implementation of sustainable development requires tailor-made metagovernance or ‘governance of governance’. This is necessary to develop effective governance and high quality and inclusive public administration and to foster policy and institutional coherence to support implementing the SDGs. Principles such as Leave No One Behind, Whole of Society, Whole of Government, Inter-generationality require multistakeholder and multi-governance approaches

1. Qualitative assessment of policy efforts at all levels of governance is as important as outcome data to track the implementation of SDGs

The SDGs as a framework can offer leverage for multi-level governance and facilitate transitions to alternative shared value systems; 

While performance and outcome data provide essential information to track the implementation of the SDGs, they should be complemented by other, more qualitative, assessments of policy efforts and other actions at all levels of governance, in support of the goals including policy commitments, the strategic use of public practices and procedures towards achieving the goals and the integration in strategies and actions.

To improve assessments of government efforts, one needs to assess the content of policies – including national targets, long-term pathways, and intermediate objectives – to determine if they are consistent with achieving the SDGs . Such assessments would also track policy implementation. 

Because of the complexity and high cost of such "policy trackers" assessments, governments rarely undertake them.   

2. The interconnectedness of SDGs implies the need for governments to further horizontal and vertical policy coherence

 Substantial changes in the content of SDG policies would lead to an integration of several policies. Such complex changes in content are unlikely to be achieved without procedural and institutional changes. This reasoning culminates in the following two sets of expectations.

  • When the SDGs contain goals/targets that cut across the individual SDGs and aim for a mutual attainment of the goals, we expect national governments to announce procedural or institutional changes to policy-making and implementation in order to attain policy coherence (intersectoral approach).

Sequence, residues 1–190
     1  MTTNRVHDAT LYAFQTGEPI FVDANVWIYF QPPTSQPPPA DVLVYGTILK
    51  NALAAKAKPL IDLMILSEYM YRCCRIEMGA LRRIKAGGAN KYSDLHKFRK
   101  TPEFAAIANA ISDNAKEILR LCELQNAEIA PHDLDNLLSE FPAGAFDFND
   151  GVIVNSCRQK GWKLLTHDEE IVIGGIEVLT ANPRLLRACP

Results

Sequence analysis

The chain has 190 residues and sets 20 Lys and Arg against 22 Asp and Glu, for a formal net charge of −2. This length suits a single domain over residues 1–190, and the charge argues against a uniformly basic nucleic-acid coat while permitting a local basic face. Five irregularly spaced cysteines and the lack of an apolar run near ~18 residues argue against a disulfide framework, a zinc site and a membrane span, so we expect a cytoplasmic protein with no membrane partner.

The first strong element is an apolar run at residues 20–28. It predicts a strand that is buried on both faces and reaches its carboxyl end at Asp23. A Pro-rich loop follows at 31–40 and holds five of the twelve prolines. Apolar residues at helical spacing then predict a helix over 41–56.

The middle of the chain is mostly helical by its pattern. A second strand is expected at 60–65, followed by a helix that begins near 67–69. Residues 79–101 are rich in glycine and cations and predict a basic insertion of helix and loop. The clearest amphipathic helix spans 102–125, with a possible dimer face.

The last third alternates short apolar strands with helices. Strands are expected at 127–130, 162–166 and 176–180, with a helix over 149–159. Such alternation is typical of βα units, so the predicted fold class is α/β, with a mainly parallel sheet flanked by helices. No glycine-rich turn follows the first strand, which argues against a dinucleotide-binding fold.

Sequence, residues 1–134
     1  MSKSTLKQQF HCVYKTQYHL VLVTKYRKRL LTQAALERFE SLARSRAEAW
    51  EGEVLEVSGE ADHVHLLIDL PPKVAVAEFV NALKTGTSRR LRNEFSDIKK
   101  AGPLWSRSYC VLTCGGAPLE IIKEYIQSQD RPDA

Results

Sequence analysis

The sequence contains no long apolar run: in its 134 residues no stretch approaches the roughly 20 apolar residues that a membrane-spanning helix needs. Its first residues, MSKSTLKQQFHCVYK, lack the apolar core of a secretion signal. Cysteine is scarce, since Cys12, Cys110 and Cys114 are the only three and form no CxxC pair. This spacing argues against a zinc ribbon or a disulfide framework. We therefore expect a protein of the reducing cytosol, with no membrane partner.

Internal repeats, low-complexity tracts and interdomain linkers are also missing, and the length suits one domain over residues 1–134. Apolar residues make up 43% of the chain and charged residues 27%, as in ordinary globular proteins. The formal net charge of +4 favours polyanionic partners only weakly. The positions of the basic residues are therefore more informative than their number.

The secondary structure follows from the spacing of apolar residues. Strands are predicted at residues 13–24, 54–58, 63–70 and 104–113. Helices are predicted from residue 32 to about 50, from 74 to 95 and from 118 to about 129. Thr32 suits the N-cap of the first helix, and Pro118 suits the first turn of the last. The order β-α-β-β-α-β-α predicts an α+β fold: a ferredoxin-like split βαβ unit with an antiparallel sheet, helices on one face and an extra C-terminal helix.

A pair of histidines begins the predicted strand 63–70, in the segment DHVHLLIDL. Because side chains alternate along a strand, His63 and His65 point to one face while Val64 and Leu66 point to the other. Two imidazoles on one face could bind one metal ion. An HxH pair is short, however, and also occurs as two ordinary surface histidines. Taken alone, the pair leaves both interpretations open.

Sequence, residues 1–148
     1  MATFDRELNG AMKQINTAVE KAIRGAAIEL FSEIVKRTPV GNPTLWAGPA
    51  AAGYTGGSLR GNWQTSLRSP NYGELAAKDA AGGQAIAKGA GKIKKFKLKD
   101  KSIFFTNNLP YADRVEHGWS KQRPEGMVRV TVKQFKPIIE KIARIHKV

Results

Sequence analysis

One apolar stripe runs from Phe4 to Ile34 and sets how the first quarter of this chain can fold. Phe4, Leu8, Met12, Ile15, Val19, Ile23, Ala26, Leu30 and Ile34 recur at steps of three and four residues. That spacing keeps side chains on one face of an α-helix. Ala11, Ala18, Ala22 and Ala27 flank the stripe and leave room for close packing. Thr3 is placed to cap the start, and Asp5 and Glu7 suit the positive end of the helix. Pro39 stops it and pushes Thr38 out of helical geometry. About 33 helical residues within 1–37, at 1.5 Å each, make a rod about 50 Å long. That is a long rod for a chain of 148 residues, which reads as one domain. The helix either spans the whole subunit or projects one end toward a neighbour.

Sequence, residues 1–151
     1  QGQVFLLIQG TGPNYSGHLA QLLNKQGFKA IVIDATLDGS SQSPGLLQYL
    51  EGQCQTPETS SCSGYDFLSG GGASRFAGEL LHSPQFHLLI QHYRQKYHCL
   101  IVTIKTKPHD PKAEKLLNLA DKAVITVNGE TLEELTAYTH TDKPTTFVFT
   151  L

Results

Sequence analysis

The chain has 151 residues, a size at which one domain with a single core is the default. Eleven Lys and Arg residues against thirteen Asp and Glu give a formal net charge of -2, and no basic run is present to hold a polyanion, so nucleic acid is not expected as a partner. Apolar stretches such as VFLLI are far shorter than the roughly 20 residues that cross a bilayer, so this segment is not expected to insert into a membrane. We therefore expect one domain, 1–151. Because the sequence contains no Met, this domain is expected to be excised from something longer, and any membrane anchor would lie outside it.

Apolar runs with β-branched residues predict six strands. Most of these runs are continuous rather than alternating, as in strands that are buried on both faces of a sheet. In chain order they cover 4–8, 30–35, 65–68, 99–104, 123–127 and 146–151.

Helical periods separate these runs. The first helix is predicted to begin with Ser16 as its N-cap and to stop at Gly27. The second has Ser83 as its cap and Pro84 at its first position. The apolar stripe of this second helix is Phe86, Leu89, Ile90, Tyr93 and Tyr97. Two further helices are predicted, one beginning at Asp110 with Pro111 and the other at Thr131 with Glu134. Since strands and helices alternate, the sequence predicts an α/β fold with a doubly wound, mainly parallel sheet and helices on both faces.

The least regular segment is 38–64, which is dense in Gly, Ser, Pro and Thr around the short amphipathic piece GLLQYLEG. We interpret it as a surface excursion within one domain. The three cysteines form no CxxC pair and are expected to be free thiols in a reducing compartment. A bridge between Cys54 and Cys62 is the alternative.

• When the SDGs encourage the adoption of joint goals and/or targets, we expect substantive policy changes in order to attain policy coherence (multisectoral approach). Substantive policy changes involve changes to the policy content and the corresponding institutional arrangements for their formulation and implementation.

3. The whole-of-government principle requires breaking the policy making siloes at all levels of government

The indivisible, interdependent and inter-generational nature of the SDGs implies a need for governments to rethink their organization and working methods. However, in practice, governments face considerable obstacles to overcome traditional siloed policy making. Countries struggle to create a ‘whole-of-government’ approach to addressing the SDGs, and implementation efforts often remain disconnected from the mainstream policy agenda. 

The map below represents typical connections of line ministeries with SDG targets.

4. "Leave No One behind" principle can be achieved only through a whole of society approach that includes effective engagement of all stakeholders 

 The "leaving no one behind" challenge can be seen as a litmus test for achievement of the entire 2030 Agenda. The most important challenge being the lack of granulated data to precisely identify those vulnerable groups, however the assessment of policy efforts at the all level of government and the participation of the marginal groups in such efforts can help 

MetaGovernancePlatform helps Identifying Those who are / at risk of being left behind

Leave No One Behind is the underlying principle of the 2030 Agenda for Sustainable Development and is the central thread which weaves together its 17 Goals and 169 targets. With the lack of disaggregated data on the groups at risk, the
platform enables stakeholders to collectively conduct assessments aimed at identifying down to the local level groups that suffer from discrimination(s) 

  • Copy whole of government

    Who they are ?

    The LNOB tool enables to realise an annual mapping of all possible groups who are subject to one or multiple discriminations to determine those who are the furtherest to be left behind. Some groups can have multiples disadvantages such as disabled women, This is a qualtitative evaluation based on local knowledge and input from marginal groups advocates.

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    Where are they?

    Geo-referenced micro-assessments enable to better locate the target groups. There are no limits to the numer of micro-assessments that can be conducted. The finidngs help devising micro-targeted policies that can be monitoried by annual assessment to see the achieved results oover a period of fime.

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    What Discrimination

    The objective is to assess 4 types of discriminations - Social Inequalities, Economic inequalities, Political Inequalities and General Discrimination (of complex type such as multidimensonal poverty). Some groups can be subjected to one or more type of discrimination, sych as prejudice and strigma and violence.

Meta-Governance Platform helps overcoming DFOGs across the government

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